The Virgin Vale
20-km south of Rangdum stands the Pazila watershed
across which lies Zanskar, the most isolated of all
the trans Himalayan Valleys. The Panzela Top (4,401
m) is the picturesque tableland adorned with two
small alpine lakes and surrounded by snow-covered
As the Zanskar road winds down the steep slopes of
the watershed to the head of the Stod Valley, one of
Zanskar's main tributary valleys, the majestic "Drang-Drung"
glacier looms into full view. A long and winding
river of ice and snow, the Drang-Drung" is perhaps
the largest glacier in Ladakh, outside the Siachen
formation. It is from the cliff-like snout of this
extensive glacier that the Stod or Doda River, the
main tributary of river Zanskar, rises.
The Mountainous Panorama
Zanskar comprises a tri-armed valley system lying
between the Great Himalayan Range and the Zanskar
mountain; The three arms radiate star-like towards
the west, north and south from a wide central
expanse where the region's two principal drainage's
meet to form the main Zanskar River.
It is mainly along the course of this valley system
that the region's 10,000 strong, mainly Buddhists
population lives. Spread over an estimated
geographical area of 5,000-sq-kms, high-rise
mountains and deep gorges surround Zanskar. The area
remains inaccessible for nearly 8 months a year due
to heavy snowfall resulting in closure of all the
access passes, including the Penzela.
Today, Zanskar has the distinction of being the
least interfered with microcosms of Ladakh , and one
of the last few surviving cultural satellites of
Tibet. Within the mountain ramparts of this lost
Shangrila stand a number of ancient yet active
monastic establishments. Some of these religious
foundations have evolved around remote meditation
caves believed to have been used by a succession of
famous Buddhist saints for prolonged meditation in
pursuit of knowledge and enlightenment.
Khampa, the nomadic shepherds who originally roamed
the grazing pastures of the Tibetan plateau, would
have been familiar with the high passes into Zanskar
many centuries before the villages of the Zanskar or
Indus valley were established.
In the 11th century, the eminent scholar Ringchen
Brangpo wandered the Zanskar valley selecting sites
from the 108 monasteries that were to be found
throughout the west Himalayas. At the same time,
legend has it that the sage Naropa meditated at the
site of Sani monastery.
The Advent of Foreign Travellers
The famous Hungarian explorer Coso de Koros was one
of the first European travelers to visit the region.
He spent nearly a year, in 1826-27, at the monastery
of Phugthal translating Buddhist texts from Ladakhi
into English. An inscription of his name can be
still found in the monastery.
few years later, the Dogra general Zorawar Singh led
his army over the Umasi La during the conquest of
Ladakh and the Zanskar. In 1834 he reduced the
powers of the royal families in both Padum and
Zangla to a nominal status and established the fort
at the village of Pipiting just north of Padum. He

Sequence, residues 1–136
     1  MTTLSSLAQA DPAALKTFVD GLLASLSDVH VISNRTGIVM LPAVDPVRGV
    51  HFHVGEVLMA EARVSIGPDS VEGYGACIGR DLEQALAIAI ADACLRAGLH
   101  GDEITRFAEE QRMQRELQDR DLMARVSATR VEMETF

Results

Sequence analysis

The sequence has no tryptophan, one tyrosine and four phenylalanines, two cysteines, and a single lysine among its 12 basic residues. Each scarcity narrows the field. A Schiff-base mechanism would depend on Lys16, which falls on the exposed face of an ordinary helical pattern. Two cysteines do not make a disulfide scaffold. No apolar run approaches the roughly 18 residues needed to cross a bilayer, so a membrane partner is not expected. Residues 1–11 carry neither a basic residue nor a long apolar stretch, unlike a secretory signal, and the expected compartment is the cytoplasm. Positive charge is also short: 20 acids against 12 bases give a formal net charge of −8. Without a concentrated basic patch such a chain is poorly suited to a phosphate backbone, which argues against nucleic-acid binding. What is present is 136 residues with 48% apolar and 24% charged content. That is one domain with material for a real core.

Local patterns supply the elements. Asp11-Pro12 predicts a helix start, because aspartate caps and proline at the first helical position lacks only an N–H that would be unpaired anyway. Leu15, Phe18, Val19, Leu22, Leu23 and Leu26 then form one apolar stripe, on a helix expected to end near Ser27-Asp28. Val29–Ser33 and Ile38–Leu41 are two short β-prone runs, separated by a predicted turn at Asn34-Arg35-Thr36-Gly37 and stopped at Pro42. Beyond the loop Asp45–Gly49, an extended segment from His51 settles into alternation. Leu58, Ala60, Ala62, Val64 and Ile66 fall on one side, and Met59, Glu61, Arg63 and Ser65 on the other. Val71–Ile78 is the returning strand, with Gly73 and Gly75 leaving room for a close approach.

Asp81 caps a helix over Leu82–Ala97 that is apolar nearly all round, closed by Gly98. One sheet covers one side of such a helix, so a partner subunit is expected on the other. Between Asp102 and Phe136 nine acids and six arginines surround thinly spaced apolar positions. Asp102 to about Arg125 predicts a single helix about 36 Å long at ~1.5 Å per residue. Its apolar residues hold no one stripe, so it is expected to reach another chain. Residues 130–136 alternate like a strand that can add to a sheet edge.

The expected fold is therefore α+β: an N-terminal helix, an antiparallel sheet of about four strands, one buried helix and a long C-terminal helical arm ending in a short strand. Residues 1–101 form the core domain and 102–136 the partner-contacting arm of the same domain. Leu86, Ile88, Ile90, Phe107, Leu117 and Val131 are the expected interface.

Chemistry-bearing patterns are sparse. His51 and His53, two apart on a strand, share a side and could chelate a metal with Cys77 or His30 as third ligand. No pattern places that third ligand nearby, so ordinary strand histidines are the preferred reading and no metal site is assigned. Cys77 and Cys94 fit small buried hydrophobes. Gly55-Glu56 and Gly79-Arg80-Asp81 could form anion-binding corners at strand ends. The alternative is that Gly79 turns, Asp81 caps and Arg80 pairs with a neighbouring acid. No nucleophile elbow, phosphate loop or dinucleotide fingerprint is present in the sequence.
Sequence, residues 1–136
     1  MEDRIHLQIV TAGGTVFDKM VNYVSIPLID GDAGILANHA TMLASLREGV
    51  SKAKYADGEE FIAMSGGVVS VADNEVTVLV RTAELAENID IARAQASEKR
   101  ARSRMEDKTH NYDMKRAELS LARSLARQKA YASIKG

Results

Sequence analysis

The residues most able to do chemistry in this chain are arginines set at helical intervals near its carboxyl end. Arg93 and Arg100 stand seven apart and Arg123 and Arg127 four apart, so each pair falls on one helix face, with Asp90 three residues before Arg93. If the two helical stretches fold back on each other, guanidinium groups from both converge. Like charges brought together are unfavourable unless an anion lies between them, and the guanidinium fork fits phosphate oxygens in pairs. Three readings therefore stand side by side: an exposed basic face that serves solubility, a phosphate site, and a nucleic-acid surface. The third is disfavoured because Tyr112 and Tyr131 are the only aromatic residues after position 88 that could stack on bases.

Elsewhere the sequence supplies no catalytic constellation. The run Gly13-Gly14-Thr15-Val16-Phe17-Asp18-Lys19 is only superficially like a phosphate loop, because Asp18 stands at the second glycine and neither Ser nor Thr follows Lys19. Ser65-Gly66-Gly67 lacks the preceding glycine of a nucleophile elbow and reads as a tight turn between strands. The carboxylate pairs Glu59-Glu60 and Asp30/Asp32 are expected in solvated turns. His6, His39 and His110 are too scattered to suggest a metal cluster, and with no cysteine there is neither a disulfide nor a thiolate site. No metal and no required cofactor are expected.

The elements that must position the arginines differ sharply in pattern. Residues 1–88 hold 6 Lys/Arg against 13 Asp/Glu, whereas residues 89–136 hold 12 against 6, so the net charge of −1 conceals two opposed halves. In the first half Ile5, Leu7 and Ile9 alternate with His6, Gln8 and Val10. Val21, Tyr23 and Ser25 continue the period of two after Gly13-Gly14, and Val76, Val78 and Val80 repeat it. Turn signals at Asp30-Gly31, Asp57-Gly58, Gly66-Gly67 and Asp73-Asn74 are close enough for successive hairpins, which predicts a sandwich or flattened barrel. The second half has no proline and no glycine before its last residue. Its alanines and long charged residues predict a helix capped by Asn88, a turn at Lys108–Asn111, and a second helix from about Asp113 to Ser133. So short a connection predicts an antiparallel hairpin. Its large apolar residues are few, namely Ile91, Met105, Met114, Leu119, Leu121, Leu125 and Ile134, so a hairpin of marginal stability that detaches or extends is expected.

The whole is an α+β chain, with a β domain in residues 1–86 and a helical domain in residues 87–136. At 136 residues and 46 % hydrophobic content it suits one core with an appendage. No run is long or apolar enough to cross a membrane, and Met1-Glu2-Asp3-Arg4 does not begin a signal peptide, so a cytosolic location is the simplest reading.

is also said to have paid a small fortune to hire a
local guide to lead his army directly across the
passes of the Zanskar Range to the Indus Valley in
Order to mount a surprise attack on the king of
The Dogra conquest was recorded by Thomas Thomson, a
member of the East India Company's Boundary
Commission crossing the Umasi La in June 1848 en
route through the Zanskar and Indus Valleys to the
On the route to Zanskar, Panikhar, which is commonly
considered to be on the border of the Suru Valley,
is an important place. There is a high pass between
Panikhar and Sankoo, a moderately sized valley about
42-km from Kargil, Ladakh . Zorawar Singh and his
forces entered Ladakh from the Suru Pass in 1832 en
route to conquer Tibet. He built a fort whose ruins
stand to this day.
Panzella Pass is situated at an elevation of more
than 4,200 m over the Zanskar range (Penzella
mountains). It separates Zanskar from the Suru
valley and other parts of Ladakh. On either side of
the pass there are camping grounds used by migratory
grazier communities and travelers. At the top, an
enchanting view of the surrounding ranges and
countryside greets the visitor.
At the top of the pass, there are two springs of
greenish water credited by legend to be the
birthplace of the progenitors of the famous Zanskar
breed of ponies. Different forms of vegetation come
up around the pass soon after the snow melts in
summer. These include many species, which have
medicinal value. Marmots live in burrows, moving to
lower elevations in winter. The brown bear is also
found on the slopes of the Penzela Pass.
The Penzela glacier, where the Suru River arises, is
situated on one of the flanks of this pass. On the
Zanskar side, an extensive stretch of flat land is
present at the foot of the pass. It is dissected by
a number of streams and supports riverine
vegetation, which becomes thick in summer. This is
an ideal camping ground for graziers and trekkers.
The Penzela Pass remains open only from May to
September, being closed for the rest of the year due
to heavy snowfall.
Karsha is another large settlement across the river
from Padam, at a distance of about 8-km from the
latter. It has a small market, school, dispensary
and post and telegraph facilities. There is also a
monastery at Karsha, which is revered by the
population living in the surrounding region